If is a random variable on the probability space , then one way to define the convergence of a sequence of random variables is to simply define the limit pointwise, as you would do with any old function. That is, if there exists a random variable such that for every we have

Similarly, we say that almost everywhere (almost surely) if the measure (probability) of the set of points where is zero.

Another way to define convergence of measurable functions in general is to talk about convergence in measure. This is a notion of convergence where the set of points where the functions in the sequence do not get arbitrarily close to the corresponding point in the limit function has measure zero. That is if for each ,

(Here we’re using random variables and a probability space, but the same thing is used for measurable functions of general measure spaces.) To say that converges to in probability (denoted ), is to say that for any , there exists an such that for every , the set of points where isn’t “close” to (here “close” means within distance of ) is less than .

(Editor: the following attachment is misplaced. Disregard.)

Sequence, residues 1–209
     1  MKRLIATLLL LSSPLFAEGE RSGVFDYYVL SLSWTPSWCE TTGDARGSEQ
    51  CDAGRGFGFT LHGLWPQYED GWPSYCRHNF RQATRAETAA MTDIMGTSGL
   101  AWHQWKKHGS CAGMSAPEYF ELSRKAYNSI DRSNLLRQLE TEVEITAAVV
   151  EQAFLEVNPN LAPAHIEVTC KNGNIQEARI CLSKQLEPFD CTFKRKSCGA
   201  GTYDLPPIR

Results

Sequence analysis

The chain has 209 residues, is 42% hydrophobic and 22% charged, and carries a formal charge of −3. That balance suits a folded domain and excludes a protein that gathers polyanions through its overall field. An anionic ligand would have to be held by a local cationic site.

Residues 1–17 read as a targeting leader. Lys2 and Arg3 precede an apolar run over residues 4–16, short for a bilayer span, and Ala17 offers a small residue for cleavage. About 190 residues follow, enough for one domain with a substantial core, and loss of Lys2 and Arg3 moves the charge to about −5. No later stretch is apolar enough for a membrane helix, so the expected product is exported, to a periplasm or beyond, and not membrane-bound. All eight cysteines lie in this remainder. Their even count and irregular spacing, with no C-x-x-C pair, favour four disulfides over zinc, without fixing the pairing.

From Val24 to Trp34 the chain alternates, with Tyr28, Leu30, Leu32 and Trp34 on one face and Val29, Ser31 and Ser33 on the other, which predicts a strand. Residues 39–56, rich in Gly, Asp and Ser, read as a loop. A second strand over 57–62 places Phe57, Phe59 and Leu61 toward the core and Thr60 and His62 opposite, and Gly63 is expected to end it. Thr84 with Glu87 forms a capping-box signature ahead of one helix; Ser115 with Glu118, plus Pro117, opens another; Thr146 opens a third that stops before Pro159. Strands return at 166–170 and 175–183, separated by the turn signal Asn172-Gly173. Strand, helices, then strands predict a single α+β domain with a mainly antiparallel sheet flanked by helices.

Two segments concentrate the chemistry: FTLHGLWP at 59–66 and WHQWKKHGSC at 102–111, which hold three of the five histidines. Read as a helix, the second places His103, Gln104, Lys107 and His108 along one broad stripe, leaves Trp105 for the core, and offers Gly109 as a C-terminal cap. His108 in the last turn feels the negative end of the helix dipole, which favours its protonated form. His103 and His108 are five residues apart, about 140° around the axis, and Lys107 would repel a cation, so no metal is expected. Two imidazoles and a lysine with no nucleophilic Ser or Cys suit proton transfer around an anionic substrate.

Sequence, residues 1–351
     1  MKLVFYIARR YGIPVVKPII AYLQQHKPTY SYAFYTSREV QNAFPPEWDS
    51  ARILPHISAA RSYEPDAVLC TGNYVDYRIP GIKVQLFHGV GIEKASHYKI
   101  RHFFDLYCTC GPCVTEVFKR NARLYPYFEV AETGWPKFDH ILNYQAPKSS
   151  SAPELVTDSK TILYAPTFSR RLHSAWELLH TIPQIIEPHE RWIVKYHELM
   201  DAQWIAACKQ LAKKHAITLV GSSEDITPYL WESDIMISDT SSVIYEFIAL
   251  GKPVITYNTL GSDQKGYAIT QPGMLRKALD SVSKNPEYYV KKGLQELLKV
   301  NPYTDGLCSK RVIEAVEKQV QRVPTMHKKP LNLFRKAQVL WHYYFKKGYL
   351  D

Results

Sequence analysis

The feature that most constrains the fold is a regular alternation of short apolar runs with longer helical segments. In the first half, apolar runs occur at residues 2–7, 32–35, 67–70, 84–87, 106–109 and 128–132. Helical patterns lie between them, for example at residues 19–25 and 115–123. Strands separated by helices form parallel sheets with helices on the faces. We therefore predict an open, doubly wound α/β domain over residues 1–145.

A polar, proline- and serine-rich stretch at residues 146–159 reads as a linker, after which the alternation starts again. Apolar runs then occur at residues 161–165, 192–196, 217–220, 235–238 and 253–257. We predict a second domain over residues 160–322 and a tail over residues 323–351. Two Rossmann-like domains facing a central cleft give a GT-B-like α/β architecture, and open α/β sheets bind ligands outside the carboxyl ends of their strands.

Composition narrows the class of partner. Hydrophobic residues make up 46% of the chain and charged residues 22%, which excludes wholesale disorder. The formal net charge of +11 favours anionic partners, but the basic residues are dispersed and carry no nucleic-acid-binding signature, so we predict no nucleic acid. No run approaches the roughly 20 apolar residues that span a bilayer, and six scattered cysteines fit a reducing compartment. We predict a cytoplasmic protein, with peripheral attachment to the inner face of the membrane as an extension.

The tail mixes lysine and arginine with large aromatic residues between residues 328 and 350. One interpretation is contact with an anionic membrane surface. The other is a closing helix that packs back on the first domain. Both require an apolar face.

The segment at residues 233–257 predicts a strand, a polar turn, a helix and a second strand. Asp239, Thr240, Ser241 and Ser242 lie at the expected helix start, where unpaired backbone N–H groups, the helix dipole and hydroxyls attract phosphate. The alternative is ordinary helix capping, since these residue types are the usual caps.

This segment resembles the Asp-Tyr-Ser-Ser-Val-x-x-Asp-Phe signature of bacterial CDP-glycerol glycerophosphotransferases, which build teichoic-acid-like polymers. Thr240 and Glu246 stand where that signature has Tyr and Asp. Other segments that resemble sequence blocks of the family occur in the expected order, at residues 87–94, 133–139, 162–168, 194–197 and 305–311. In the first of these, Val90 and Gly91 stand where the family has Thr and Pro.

As noted in Cohn, convergence in measure does not imply convergence pointwise (not even almost everywhere!), or vice versa. For instance, the set of functions pointwise converges to the zero function, but does not converge in measure. However, in the case of a finite measure (e.g., a probability) we have the following proposition.

**Proposition** If is a measure space with finite, then if is a sequence of measurable functions with a.e., then .

**Proof**: Let given. Define and . Clearly forms a decreasing sequence whose intersection is a subset of the points for which , by assumption this set has measure zero, , which gives that the functions converge in measure to .

(These examples and proofs are from Donald L. Cohn’s “Measure Theory.”)

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